In Buddhism, detachment is the opposite of attachment, craving, desire, which is the cause of all suffering.

Detachment, end of craving, stops the cause of suffering, and, hence, frees one from samsara.

a phenomenom i have observed among people who travel for extended periods, to distant places.

recently in tokyo, a brittish girl went missing. i, living with a close friend of this girl, noticed that for all the proclaimations of concern/sorrow/loss the people closest to her continued about their daily business as though nothing were amiss ie. going to work, going out after work, going to bars and picking up. this behaviour seemed rather odd untill i realized that the traveling life style was probably the cause. let me explain:

people who travel here regularly do so on tourist visas, maximum 3 month duration (without extension).

in this short period, people (being social creatures - supposedly) bond quickly and intensly with those around them. this means that colleagues or housemates become "best friends" often, but only for the length of their stay.

the 3 month visa also makes saying goodbye a more common place occurance. think about how often you have said goodbye, and how it felt. the traveller performs this routine every 3 months to numerous "best friends", and, i suspect, are desensitized to it.

in my home country this is also apparent in those who have returned from tavelling.

is the traveller a person how fails to make secure relationship bonds? or, as i believe, numbed by the experience?



well they caught the guy who took the grrl.
the best friend sold the story to a UK tabloid for an undisclosed 5 figure amount. - great friend?

she still hasnt been found.......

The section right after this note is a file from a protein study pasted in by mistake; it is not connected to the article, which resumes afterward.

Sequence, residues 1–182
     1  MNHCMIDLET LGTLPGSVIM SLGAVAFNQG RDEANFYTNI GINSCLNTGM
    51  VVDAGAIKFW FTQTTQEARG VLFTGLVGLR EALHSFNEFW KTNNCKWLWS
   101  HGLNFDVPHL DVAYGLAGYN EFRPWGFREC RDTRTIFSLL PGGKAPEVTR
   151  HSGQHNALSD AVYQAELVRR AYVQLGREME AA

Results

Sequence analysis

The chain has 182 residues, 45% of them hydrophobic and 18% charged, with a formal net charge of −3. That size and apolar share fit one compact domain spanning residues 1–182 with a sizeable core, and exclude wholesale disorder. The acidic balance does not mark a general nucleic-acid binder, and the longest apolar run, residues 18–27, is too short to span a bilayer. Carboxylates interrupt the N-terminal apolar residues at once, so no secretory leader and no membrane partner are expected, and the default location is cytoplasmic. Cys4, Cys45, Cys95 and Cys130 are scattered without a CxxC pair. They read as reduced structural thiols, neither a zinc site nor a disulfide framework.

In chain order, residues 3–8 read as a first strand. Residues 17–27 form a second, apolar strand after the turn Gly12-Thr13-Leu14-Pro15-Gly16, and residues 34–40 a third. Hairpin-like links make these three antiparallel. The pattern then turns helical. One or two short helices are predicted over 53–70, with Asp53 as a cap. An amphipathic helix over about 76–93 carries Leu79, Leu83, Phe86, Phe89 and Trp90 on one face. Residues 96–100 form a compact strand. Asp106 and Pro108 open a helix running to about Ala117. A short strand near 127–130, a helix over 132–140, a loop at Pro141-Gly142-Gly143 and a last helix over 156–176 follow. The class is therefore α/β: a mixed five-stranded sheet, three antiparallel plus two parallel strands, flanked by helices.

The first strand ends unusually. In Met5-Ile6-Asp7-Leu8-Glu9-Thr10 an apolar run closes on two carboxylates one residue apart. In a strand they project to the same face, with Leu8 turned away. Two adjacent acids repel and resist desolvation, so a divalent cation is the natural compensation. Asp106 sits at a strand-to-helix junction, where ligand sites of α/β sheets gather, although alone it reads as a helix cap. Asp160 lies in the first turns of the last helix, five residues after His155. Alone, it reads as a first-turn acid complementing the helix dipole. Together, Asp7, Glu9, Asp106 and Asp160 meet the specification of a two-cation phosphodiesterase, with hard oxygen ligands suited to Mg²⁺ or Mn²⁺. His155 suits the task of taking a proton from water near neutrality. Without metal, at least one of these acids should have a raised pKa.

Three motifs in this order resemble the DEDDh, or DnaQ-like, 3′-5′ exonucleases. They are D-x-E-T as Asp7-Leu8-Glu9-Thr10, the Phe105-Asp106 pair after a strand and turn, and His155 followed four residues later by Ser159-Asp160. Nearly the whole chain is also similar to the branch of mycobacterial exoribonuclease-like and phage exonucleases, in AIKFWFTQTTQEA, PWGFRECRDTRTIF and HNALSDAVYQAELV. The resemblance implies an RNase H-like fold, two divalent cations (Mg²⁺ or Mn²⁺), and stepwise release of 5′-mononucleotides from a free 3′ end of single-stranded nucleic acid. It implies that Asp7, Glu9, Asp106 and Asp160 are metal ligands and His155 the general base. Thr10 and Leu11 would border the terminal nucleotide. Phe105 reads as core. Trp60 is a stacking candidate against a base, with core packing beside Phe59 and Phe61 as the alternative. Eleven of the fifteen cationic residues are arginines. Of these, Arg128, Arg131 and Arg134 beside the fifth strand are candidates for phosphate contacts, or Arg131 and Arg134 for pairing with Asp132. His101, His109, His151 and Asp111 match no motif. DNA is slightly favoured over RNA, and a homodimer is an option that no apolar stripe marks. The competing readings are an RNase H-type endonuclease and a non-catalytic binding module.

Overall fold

everything has been forgotten..........




shes been found,
..and it appears that this nodes title is tastelessly appropriate.
she was found in 8 seperate pieces, with the head discovered inside a block of concrete.

i wonder if 5 figures is enough profit for such a thing?
A detachment is also a term used in the US Military aviation community.

As an example, I will use my friend Yurei. He works for the military as an "elite toaster repairman" (his words). His squadron received a request to create a detachment to go to the Persian Gulf. The Assistant Maintenance Officer (AMO) and the Maintenance Officer (MO) peruse a listing of available personnel. They pick and choose who would be on this new detachment, assisted by the detachment's Chief Petty Officer, the most senior enlisted person who is in charge of making sure things get done.

The squadron assigns one or two helicopters for the exclusive use of the detachment. From personal experience, it is the one the needs the most maintenance. In Yurei's case it is the one with evil gremlins living in the electronics.

The detachment gets assigned to a ship and separates itself from the squadron, in effect creating a mini detached squadron. The Officer in Charge (OIC) is the detachment's version of a Commanding Officer (CO). The helicopters, the crew and the equipment are trundled off to the ship, and they sail for the Persian Gulf.

Note that this whole process takes months to set up, months to whip the detachment into a cohesive unit, and four to six months of floating around. Yurei coined the apt phrase Evil Floating Vacation. Imagine being in the middle of a body of water with the dim possibility of an E2 fix every three weeks. Yes, war is hell.

De*tach"ment (?), n. [Cf. F. d'etachement.]

1.

The act of detaching or separating, or the state of being detached.

2.

That which is detached; especially, a body of troops or part of a fleet sent from the main body on special service.

Troops . . . widely scattered in little detachments. Bancroft.

3.

Abstraction from worldly objects; renunciation.

A trial which would have demanded of him a most heroic faith and the detachment of a saint. J. H. Newman.

 

© Webster 1913.

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